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Compatibility of semi-transparent deck coatings with carbon-based preservative formulations : an update after further exposure

https://library.fpinnovations.ca/en/permalink/fpipub42469
Author
Stirling, Rod
Morris, Paul I.
Date
November 2010
Material Type
Research report
Field
Sustainable Construction
Author
Stirling, Rod
Morris, Paul I.
Contributor
Canadian Forest Service.
Date
November 2010
Material Type
Research report
Physical Description
12 p.
Sector
Wood Products
Field
Sustainable Construction
Research Area
Advanced Wood Materials
Subject
Decking
Finishing
Series Number
Canadian Forest Service No. 23
W-2854
Location
Vancouver, British Columbia
Language
English
Abstract
Lacking the UV protection provided by copper, carbon-based preservative-treated wood used in many above-ground applications will require coating to meet consumer demand for weather resistance. While earlier metal-based preservatives were true solutions, many of the formulations of carbon-based preservatives rely on surfactants for solubility or dispersion in water. These surfactants can potentially react badly with the dispersion agents in the existing coatings on the market. The present work investigates the performance of six selected coatings on white spruce heartwood and ponderosa pine sapwood untreated and treated with one of three carbon-based preservatives. An earlier report described coating performance after 500 hours of artificial weathering (Stirling and Morris, 2010). The present report describes coating performance after 1000 hours of artificial weathering. The general ratings of the coatings on spruce were typically one to two points higher than those on pine indicating that spruce was a more stable substrate. Contrary to the initial concern, treatment with carbon-based preservatives was associated with coating performance under accelerated UV exposure similar to, or slightly better than, that on untreated wood.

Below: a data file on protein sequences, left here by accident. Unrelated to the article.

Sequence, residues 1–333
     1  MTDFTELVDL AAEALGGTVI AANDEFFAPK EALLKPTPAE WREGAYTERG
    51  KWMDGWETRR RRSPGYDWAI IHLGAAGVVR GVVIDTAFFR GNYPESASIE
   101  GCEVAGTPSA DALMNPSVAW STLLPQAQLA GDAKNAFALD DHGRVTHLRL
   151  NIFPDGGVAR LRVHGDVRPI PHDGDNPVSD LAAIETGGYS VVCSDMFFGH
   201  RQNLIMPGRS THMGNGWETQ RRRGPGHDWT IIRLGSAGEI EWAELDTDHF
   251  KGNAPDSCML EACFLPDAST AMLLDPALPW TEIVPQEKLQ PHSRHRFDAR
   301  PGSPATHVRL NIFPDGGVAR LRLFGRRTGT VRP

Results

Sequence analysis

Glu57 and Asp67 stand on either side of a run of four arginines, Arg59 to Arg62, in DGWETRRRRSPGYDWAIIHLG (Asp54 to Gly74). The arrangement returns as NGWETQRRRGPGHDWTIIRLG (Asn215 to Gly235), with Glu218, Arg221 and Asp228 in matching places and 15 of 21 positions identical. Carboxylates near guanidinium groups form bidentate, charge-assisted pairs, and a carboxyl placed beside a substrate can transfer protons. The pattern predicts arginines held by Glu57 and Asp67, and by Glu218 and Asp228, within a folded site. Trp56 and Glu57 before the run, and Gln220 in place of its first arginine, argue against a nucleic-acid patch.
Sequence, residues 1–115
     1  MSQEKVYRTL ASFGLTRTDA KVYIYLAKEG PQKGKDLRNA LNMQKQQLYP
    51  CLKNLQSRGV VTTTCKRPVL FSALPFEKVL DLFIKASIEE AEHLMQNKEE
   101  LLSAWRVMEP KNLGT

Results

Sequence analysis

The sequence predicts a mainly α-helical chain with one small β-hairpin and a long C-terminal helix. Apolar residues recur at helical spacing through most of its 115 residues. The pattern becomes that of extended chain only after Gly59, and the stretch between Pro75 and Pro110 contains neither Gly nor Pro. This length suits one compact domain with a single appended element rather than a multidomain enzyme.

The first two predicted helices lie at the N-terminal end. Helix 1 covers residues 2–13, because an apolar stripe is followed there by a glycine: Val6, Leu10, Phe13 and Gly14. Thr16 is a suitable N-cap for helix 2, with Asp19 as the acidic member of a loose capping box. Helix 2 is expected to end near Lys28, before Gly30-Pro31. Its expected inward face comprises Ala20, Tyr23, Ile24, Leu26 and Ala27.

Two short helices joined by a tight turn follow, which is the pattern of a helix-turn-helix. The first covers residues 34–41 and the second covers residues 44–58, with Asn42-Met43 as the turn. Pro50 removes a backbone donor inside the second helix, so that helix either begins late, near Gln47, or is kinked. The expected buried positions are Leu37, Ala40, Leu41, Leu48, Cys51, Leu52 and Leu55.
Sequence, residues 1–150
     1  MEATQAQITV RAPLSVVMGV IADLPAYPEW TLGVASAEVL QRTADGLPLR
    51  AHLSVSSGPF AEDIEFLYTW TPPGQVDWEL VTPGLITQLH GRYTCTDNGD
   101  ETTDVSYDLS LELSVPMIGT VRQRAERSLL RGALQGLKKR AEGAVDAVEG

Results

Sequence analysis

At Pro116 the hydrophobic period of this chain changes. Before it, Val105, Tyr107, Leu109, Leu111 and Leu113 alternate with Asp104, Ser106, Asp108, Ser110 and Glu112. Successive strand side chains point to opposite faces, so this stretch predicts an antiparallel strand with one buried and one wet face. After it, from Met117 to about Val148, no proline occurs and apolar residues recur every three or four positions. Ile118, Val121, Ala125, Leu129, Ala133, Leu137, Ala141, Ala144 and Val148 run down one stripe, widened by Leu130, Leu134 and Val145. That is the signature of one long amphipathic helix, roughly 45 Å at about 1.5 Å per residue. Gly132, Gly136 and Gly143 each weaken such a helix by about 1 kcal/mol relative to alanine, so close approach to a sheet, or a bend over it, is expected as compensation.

Decking
Finishes - Exterior
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Environmental product declaration, typical western red cedar decking

https://library.fpinnovations.ca/en/permalink/fpipub7905
Author
FPInnovations
Date
February 2016
Material Type
Research report
Field
Sustainable Construction
Typical Western Red Cedar Decking Environmental Product Declaration This Type III environmental
Author
FPInnovations
Date
February 2016
Material Type
Research report
Physical Description
10 p.
Sector
Wood Products
Field
Sustainable Construction
Research Area
Advanced Wood Materials
Subject
Decking
Environment
EPD
Red cedar
Standards
Series Number
WP EPD 2016
Language
English
Abstract
This Type III environmental declaration is developed according to ISO 21930 and 14025 for average cedar decking products manufactured by the members of the Western Red Cedar Lumber Association. This environmental product declaration (EPD) reports environmental impacts based on established life cycle impact assessment (LCA) methods. The reported environmental impacts are estimates, and their level of accuracy may differ for a particular product line and reported impact. LCAs do not generally address site-specific environmental issues related to resource extraction or toxic effects of products on human health. Unreported environmental impacts include (but are not limited to) factors attributable to human health, land use change and habitat destruction. Forest certification systems and government regulations address some of these issues. The products in this EPD conform to: timber harvesting and silvicultural regulation of British Columbia (BC) and forest certification schemes (Canadian Standards Association, Forest Stewardship Council (FSC), and Sustainable Forestry initiative (SFI)). EPDs do not report product environmental performance against any benchmark.
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Environmental product declaration, typical western red cedar decking

https://library.fpinnovations.ca/en/permalink/fpipub7907
Author
FPInnovations
Date
January 2018
Material Type
Research report
Field
Sustainable Construction
Typical Western Red Cedar Decking Environmental Product Declaration This Type III environmental
Author
FPInnovations
Date
January 2018
Material Type
Research report
Physical Description
10 p.
Sector
Wood Products
Field
Sustainable Construction
Research Area
Advanced Wood Materials
Subject
Decking
Environment
EPD
Red cedar
Standards
Series Number
WP EPD 2018
Language
English
Abstract